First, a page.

Risk factors for severe outcomes for COVID-19 patients hospitalised in Switzerland during the first pandemic wave, February to August 2020: prospective observational cohort study
Journal Paper/Review - Jul 28, 2021
Maximiano Sousa Filipe, Tschudin-Sutter Sarah, Nussbaumer-Ochsner Yvonne, Sommerstein Rami, Gaudenz Roman, Marschall Jonas, Senn Laurence, Gardiol Céline, Keiser Olivia, Schüpbach Gertraud, Wymann Monica, Vidondo Beatriz, Bernhard-Stirnemann Sara, Schreiber Peter W, Vuichard-Gysin Danielle, Roelens Maroussia, Fricker Brian, Thiabaud Amaury, Iten Anne, Cusini Alexia, Flury Domenica, Buettcher Michael, Zukol Franziska, Balmelli Carlo, Zimmermann Petra, Troillet Nicolas, Ch-Sur Study Group
As clinical signs of COVID-19 differ widely among individuals, from mild to severe, the definition of risk groups has important consequences for recommendations to the public, control measures and patient management, and needs to be reviewed regularly.
The aim of this study was to explore risk factors for in-hospital mortality and intensive care unit (ICU) admission for hospitalised COVID-19 patients during the first epidemic wave in Switzerland, as an example of a country that coped well during the first wave of the pandemic.
This study included all (n = 3590) adult polymerase chain reaction (PCR)-confirmed hospitalised patients in 17 hospitals from the hospital-based surveillance of COVID-19 (CH-Sur) by 1 September 2020. We calculated univariable and multivariable (adjusted) (1) proportional hazards (Fine and Gray) survival regression models and (2) logistic regression models for in-hospital mortality and admission to ICU, to evaluate the most common comorbidities as potential risk factors.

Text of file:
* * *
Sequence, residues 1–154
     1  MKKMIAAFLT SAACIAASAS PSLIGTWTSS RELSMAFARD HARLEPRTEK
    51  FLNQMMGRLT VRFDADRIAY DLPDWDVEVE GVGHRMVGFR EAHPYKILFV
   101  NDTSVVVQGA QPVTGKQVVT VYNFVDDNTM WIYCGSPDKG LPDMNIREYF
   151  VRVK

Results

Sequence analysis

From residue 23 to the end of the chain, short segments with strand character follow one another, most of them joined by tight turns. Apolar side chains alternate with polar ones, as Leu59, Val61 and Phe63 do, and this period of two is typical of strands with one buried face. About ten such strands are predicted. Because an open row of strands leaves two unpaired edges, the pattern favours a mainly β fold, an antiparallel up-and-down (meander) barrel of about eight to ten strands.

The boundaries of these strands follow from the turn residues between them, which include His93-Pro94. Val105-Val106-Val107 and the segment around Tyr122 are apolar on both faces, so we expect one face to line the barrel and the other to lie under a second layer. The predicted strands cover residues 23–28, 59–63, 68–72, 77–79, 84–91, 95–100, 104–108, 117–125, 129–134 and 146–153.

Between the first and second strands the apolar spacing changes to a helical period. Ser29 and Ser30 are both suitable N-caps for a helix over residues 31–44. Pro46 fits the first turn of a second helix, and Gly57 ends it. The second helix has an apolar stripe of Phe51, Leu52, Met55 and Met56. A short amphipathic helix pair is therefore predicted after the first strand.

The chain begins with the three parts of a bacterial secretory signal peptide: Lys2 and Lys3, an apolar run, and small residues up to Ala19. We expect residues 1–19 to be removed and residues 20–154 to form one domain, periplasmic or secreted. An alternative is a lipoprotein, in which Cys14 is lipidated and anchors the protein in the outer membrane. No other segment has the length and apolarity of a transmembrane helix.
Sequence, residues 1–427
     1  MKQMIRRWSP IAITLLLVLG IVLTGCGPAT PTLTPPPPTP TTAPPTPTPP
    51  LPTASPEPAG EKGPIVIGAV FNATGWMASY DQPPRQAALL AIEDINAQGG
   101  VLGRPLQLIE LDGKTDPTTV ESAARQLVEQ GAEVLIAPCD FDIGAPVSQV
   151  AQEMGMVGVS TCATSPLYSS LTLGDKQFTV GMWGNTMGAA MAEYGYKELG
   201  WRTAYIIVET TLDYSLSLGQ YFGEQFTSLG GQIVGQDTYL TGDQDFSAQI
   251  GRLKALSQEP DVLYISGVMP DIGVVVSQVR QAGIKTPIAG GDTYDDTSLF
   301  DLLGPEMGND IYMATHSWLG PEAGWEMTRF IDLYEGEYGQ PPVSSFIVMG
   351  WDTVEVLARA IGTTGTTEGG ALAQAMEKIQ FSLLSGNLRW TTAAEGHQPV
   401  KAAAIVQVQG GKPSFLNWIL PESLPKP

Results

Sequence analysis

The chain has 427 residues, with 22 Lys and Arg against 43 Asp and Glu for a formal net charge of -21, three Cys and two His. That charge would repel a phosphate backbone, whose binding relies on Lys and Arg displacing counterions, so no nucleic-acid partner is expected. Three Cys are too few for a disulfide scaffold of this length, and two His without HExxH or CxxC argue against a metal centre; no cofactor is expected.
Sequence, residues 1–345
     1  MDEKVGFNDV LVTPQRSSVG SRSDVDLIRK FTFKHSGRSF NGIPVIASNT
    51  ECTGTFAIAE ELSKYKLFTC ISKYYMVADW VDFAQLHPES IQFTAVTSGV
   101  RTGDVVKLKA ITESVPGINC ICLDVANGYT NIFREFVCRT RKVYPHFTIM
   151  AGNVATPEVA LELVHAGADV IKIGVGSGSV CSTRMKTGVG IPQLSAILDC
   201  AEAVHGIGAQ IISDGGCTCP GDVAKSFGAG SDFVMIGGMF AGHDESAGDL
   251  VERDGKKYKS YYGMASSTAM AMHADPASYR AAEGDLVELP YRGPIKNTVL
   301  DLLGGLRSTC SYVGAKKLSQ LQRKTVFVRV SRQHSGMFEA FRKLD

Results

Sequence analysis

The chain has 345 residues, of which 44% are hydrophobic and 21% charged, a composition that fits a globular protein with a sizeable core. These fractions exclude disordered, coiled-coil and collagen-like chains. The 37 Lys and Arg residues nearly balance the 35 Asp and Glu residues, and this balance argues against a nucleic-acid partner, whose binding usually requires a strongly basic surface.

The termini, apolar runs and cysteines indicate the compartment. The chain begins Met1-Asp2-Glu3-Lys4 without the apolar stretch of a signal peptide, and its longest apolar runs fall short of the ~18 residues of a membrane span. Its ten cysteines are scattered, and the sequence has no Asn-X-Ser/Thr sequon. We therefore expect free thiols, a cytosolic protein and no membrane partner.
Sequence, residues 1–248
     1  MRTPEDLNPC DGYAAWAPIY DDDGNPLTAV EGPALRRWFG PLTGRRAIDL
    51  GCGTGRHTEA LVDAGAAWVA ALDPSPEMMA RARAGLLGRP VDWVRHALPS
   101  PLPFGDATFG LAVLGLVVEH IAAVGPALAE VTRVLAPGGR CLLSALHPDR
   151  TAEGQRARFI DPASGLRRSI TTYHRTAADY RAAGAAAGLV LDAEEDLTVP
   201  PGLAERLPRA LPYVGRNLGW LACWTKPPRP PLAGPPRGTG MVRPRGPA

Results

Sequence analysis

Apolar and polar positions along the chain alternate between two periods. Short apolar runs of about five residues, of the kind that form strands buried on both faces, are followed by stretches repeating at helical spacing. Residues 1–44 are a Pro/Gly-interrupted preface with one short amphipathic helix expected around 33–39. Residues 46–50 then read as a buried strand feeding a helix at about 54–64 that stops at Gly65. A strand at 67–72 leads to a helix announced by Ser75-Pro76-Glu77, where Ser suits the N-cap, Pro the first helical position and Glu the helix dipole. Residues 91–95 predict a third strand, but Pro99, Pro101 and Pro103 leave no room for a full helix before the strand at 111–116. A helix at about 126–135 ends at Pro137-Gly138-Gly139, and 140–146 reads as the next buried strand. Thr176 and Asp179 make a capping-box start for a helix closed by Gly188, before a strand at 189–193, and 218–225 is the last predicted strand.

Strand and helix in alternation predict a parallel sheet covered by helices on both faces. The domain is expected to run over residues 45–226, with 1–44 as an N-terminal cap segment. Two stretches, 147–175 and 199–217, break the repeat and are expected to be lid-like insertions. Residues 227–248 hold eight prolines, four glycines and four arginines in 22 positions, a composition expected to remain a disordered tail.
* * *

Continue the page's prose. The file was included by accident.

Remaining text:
RESULTS AND DISCUSSION
We found that old age was the strongest factor for in-hospital mortality after having adjusted for gender and the considered comorbidities (hazard ratio [HR] 2.46, 95% confidence interval [CI] 2.33−2.59 and HR 5.6 95% CI 5.23−6 for ages 65 and 80 years, respectively). In addition, male gender remained an important risk factor in the multivariable models (HR 1.47, 95% CI 1.41−1.53). Of all comorbidities, renal disease, oncological pathologies, chronic respiratory disease, cardiovascular disease (but not hypertension) and dementia were also risk factors for in-hospital mortality. With respect to ICU admission risk, the pattern was different, as patients with higher chances of survival might have been admitted more often to ICU. Male gender (OR 1.91, 95% CI 1.58−2.31), hypertension (OR 1.3, 95% CI 1.07−1.59) and age 55–79 years (OR 1.15, 95% CI 1.06−1.26) are risk factors for ICU admission. Patients aged 80+ years, as well as patients with dementia or with liver disease were admitted less often to ICU.
We conclude that increasing age is the most important risk factor for in-hospital mortality of hospitalised COVID-19 patients in Switzerland, along with male gender and followed by the presence of comorbidities such as renal diseases, chronic respiratory or cardiovascular disease, oncological malignancies and dementia. Male gender, hypertension and age between 55 and 79 years are, however, risk factors for ICU admission. Mortality and ICU admission need to be considered as separate outcomes when investigating risk factors for pandemic control measures and for hospital resources planning.